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Cavern Club (10 Mathew St)
The Cavern opened in January 1957 in the basement of an old warehouse. At first it specialized in "trad" and Dixieland jazz, which was very popular with students at the time. The club owners started booking young "beat music" groups to play during intervals between the jazz bands, but soon the rock bands were headlining, supported by the jazz bands.
A major reason for the Cavern's enourmous popularity with teenagers (who could not get into pubs) was that the club could not get a license to serve alcohol. The lack of a liquor license also gave the club more flexibility in opening hours, so the Cavern started running lunchtime shows during weekdays, which became wildly popular with young workers in the city centre. The Beatles played at these lunchtime sessions a couple of times a week.
The Cavern’s DJ, Bob Wooler, exposed the local musicians to the latest discs from America, and he also introduced the Beatles to Brian Epstein (who went on to take them to fame as their manager).
The Cavern was demolished in the early 70s (demonstrating an impressive lack of imagination by the city council) and the site is now a car park. In the 80s, the site was excavated, the original bricks retrieved, and the Cavern Club was reconstructed in loving, tacky, detail, as part of the nearby Cavern Walks shopping mall (next door at number 8).
Erics / Rubber Soul (9 Mathew St)
Eric’s opened in 1976 and immediately became the focus of Liverpool’s punk rock scene. The club attracted young local hipsters like Ian McCulloch (later with Echo and the Bunnymen), Bill Drummond (of KLF fame), Jonathon Cope, Holly Johnson (from Frankie Goes To Hollywood), and Ian Broudie (producer and mastermind behind The Lightning Seeds).
The club was located directly across the street from the car park that was once The Cavern.
Jacaranda Club (23 Slater Street)
Alan Williams opened the Jacaranda in 1959. He was hoping to cash in on the popularity of local beatnik coffee bars. To create the right kind of bohemian ambience in his new club. He got a couple of young art students to paint murals on the wall. The students were John Lennon and Stuart Sutcliffe, who played in a local band, the Silver Beatles, who were eventually hired to play as support to the clubs regular stars … a Jamaican steel band.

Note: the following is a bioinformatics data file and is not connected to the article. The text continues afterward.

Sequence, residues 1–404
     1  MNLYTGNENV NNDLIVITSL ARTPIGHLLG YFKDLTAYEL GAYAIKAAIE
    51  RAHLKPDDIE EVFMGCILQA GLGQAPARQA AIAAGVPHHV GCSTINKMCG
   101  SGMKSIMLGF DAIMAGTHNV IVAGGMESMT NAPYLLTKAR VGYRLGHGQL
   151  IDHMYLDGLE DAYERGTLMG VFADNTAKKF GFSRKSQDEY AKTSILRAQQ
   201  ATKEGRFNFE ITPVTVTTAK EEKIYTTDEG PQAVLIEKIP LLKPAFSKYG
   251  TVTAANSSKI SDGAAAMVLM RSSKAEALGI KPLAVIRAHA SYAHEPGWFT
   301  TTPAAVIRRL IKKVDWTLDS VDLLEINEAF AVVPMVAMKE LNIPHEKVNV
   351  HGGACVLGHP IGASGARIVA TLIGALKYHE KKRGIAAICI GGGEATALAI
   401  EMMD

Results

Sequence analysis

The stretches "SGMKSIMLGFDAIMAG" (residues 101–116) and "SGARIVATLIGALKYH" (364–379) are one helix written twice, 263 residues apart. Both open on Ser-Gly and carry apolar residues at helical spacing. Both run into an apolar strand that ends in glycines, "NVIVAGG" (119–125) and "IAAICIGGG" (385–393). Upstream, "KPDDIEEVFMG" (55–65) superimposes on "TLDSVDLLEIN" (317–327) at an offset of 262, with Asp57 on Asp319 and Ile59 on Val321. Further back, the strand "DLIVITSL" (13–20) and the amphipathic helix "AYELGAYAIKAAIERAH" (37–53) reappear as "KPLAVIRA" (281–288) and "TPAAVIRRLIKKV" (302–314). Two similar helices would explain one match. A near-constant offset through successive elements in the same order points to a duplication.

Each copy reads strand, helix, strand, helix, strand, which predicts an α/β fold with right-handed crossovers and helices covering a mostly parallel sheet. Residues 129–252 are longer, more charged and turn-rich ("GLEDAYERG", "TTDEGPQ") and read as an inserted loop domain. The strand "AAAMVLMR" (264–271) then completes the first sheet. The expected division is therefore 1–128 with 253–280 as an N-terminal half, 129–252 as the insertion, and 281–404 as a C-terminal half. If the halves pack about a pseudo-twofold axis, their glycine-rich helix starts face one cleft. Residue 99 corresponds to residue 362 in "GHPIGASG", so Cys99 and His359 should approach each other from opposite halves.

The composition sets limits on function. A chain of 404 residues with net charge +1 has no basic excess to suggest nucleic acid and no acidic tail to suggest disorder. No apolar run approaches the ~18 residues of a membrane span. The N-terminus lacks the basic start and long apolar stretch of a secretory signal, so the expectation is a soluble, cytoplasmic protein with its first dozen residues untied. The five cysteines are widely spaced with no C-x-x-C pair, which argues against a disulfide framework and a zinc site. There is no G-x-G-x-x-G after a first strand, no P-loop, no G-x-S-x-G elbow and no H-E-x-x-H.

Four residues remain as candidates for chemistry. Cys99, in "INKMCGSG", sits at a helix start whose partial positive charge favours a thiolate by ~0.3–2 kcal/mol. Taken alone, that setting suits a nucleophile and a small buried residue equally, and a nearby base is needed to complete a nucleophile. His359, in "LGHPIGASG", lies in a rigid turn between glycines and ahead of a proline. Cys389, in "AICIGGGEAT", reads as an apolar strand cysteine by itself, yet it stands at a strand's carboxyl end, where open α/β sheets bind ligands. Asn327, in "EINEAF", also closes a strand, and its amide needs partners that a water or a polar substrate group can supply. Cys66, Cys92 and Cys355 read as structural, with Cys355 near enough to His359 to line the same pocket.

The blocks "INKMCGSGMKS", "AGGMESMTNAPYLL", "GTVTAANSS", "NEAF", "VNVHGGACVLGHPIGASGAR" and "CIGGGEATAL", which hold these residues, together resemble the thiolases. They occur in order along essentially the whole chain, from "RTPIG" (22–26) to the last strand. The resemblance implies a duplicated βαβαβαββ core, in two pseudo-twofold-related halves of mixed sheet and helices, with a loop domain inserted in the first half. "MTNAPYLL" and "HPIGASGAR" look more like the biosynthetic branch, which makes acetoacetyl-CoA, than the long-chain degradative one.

In the early 60s, a German club owner visited the Jacaranda to book the steel band to play at his club - the Kaiser Keller - in Hamburg. However, Williams persuaded him to also book some of his other regular bands, including the Silver Beatles. The long sets in the clubs of the Reeperbahn and tough German audiences transformed the bands that played there into very tight musical units.
When the Jacaranda club reopened in 1994, the new owner discovered Lennon and Sutcliffe's murals hidden behind layers of paint and had them restored.
NEMS (12-14 Whitechapel)
Brian Epstein was managing this branch of the family music business, when he noticed that a large number of young fans were looking for a record, recorded in Germany by an obscure local group called the Beatles. Epstein sought out the group, signed on as their manager, and the rest was history. The store now houses a hi fi shop.
Brian Epstein’s House (36 Falkner St)
John Lennon stayed here briefly with his bride Cynthia in 1962. During his stay, Lennon wrote the song "Do You Want To Know A Secret", which was reportedly about Brian Epstein.
Blue Angel Club (108 Seel St)
Alan Williams, who managed the early career of the Beatles before Brian Epstein appeared on the scene, owned the Blue Angel. The club, which opened in the late 50s, was targeted at an older crowd who liked modern jazz, and was one of the few places in town where musicians could get a late night drink after closing time. The club became famous for its late night jam sessions, and when Merseybeat became big, it was the place where agents from the London record companies courted local bands. After many years the bar is still open for business as the Blue Angel.
John Lennon and Stuart Sutcliffe’s Flat (3 Gambier Terrace)
Lennon and Sutcliffe shared this flat in the early 60s, while they were poor art students. Lennon and Sutcliffe had met each other at a local student pub, Ye Cracke (13 Rice Street). According to some stories, Lennon and Sutcliffe had to burn their furniture in winter just to keep warm.
The movie Backbeat - which was about the early years of the Beatles - included some scenes from Gambier Terrace, but they were filmed in a house further up the street, which had better views of the local church out the rear window.